Herman Melville and the Berkshires

60,000,000 Copies of Moby-Dick Have Been Published

By: - Sep 29, 2022

Herman Melville died on 29 September 1891.  I feel some closeness to Melville.  I, of course, knew of him as the author of MOBY-DICK and other books.  However, around 30 years ago, while doing some research for a Hudson River Project, I found myself sitting on the Melville’s Family Porch just steps away from the Hudson River in Lansingburgh, NY – just North of Troy. 

His Father had run out of money in New York City and the Family moved North in 1830.  Herman went to school in Albany and did some writing and travelling.  In 1840, Melville traveled to New Bedford, MA and signed up as a crew member aboard the whaling ship, the Acushnet.  Melville had many adventurous experiences in the Pacific Islands and when back in Lansingburgh in 1845 he wrote about those adventures.  That book describing those experiences became Typee and was published in London and New York to best seller status. The Family left Lansingburgh in 1847.  Today, Melville’s Home is the Lansingburgh Historical Society and you too can sit on that same Porch.   

Herman Melville came from a line of the Original Pilgrim Settlers (the Melvills) and his Relatives were important figures in the Revolutionary War.  However, Herman’s Father had serious financial troubles and so his Mother had the Family Name changed to Melville to keep the Debt Collectors away.  Money became a problem for Herman as well.  Melville married and in 1850 he borrowed some money from his father-in-law to buy the Arrowhead Farm in Pittsfield. It turned out to be an important decision, as it was there that he completed his MOBY-DICK Manuscript.  Melville knew something of The Berkshires as in 1837, for a few months, he taught at the Sikes School near Lenox.  It is also in The Berkshires that Melville met fellow writer Nathaniel Hawthorne and they developed a deep relationship here. 

[In 2011, the BRILL GALLERY was invited to show its REFLECTIONS ON MELVILLE  Exhibition of Paintings and Photographs in the Arrowhead Museum Barn.  This was an inspiring Exhibition of the Works of Regional Artists that connected to the Themes of Arrowhead, MOBY-DICK, Mt. Greylock and the Melville/Hawthorne Relationship.  (Go to and click REFLECTIONS ON MELVILLE).  A reduced version of this Exhibition hung in the First Congregational Church in Williamstown later that year.]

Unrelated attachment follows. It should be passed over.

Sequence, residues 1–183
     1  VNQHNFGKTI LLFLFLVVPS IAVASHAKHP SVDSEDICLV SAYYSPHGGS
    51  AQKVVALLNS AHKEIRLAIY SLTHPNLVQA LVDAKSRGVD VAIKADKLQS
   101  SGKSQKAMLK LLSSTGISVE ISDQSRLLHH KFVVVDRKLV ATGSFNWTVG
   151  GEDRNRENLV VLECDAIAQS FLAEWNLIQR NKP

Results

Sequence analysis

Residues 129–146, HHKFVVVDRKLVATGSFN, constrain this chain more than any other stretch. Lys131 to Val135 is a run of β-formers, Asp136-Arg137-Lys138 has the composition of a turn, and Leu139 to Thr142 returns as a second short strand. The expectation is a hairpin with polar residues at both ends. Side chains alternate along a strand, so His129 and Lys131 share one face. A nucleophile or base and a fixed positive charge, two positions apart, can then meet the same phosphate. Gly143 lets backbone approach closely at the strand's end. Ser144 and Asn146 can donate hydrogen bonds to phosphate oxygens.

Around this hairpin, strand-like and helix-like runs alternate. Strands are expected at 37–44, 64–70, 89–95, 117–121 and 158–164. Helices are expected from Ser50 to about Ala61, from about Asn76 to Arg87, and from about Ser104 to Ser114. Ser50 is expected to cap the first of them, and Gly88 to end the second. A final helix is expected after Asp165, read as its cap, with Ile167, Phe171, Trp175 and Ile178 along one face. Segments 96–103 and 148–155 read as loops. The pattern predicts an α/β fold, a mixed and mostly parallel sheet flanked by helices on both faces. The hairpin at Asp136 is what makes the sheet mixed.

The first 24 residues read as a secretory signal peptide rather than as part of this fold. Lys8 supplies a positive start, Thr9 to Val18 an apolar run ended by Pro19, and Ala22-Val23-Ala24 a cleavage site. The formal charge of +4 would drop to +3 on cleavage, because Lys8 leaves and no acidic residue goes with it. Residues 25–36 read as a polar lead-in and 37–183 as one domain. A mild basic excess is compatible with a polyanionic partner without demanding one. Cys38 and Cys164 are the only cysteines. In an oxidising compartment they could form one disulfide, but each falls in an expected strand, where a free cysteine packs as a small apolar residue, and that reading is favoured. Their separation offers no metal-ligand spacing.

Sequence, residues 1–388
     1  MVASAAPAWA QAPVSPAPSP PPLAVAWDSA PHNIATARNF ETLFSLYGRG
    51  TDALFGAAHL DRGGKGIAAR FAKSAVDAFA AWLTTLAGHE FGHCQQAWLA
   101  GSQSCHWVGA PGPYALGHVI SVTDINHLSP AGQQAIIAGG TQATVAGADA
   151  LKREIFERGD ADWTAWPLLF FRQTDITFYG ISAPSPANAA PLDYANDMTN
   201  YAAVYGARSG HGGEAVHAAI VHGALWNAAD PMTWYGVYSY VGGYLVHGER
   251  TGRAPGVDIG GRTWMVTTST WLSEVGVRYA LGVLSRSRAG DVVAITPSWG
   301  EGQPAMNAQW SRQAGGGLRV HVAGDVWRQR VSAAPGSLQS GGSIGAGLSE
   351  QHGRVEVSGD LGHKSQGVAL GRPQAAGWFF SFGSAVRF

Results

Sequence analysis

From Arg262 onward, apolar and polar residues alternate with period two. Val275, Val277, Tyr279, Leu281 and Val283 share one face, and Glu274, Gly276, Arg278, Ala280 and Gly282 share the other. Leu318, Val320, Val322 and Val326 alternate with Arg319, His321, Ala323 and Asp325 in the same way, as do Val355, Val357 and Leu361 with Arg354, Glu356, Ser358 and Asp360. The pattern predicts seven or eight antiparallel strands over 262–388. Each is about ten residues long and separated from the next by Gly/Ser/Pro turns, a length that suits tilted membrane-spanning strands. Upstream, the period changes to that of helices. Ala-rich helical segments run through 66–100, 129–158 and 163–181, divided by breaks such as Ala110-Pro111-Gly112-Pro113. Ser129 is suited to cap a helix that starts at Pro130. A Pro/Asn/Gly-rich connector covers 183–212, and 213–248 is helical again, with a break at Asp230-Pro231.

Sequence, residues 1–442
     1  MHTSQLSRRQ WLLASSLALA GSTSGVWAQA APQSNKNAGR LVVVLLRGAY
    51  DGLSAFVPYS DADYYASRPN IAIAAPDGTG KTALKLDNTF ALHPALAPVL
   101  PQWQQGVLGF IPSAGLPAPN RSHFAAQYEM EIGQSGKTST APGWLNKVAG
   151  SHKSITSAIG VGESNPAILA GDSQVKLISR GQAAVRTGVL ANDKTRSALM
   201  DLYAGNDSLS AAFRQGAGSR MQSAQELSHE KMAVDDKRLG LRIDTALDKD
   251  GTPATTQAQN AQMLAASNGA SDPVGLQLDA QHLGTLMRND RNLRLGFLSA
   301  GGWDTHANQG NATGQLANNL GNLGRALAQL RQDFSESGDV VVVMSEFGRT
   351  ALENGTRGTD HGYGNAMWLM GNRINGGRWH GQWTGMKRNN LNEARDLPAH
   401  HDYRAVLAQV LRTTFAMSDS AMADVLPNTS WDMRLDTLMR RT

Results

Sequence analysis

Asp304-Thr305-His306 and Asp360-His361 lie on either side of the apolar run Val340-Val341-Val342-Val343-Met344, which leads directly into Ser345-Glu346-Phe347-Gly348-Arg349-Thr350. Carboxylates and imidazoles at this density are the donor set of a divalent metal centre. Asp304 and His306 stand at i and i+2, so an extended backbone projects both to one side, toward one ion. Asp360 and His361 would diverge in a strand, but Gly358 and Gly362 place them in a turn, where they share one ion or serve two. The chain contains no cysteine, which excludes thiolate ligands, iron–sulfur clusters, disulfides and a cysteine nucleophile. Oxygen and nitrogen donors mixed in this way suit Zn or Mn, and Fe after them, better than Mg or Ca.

MOBY-DICK was published in London and then in New York in 1851.  There were high hopes that this book would do very well.  Unfortunately, during Melville’s life, only around 500 copies of MOBY-DICK were sold in the United Kingdom and in America only around 3,200 copies were sold.  That translated to only around $1,300 in royalties.  Melville ran out of money and returned to New York City with his Family in 1863 where he took on the job of a Customs Inspector.  Curiously, his Office was where the Whitney Museum is in Lower Manhattan today.  Although he stayed away from writing another book, he did write some Poetry for his own satisfaction including comments on the Civil War.  Melville died at age 72 and was buried in the Northeastern Section of Woodlawn Cemetery in the Bronx in 1891.  The few Obituaries hardly mentioned his importance.

Around thirty years later, scholars reconnected to MOBY-DICK.  By the 1930s, it became an example of Great American Writing and was studied in many University English Programs.  The interest in Herman Melville continues such that since his death on this day in 1891, more than 60,000,000 copies of MOBY-DICK have been published around the world!

Today, Collectors from all over are interested in bidding on his Books and Letters.  In London on 14 September 2022, Christie’s auctioned off around 100 lots including the attached Letter for a total of $2,783,214.  This letter was written by Melville at Arrowhead on 26 August 1855 to a fellow Pittsfield author, Osmond Tiffany, offering him introductions to various publishers.  This letter achieved $8,190 at the Christie’s auction.

Ralph Brill, Director
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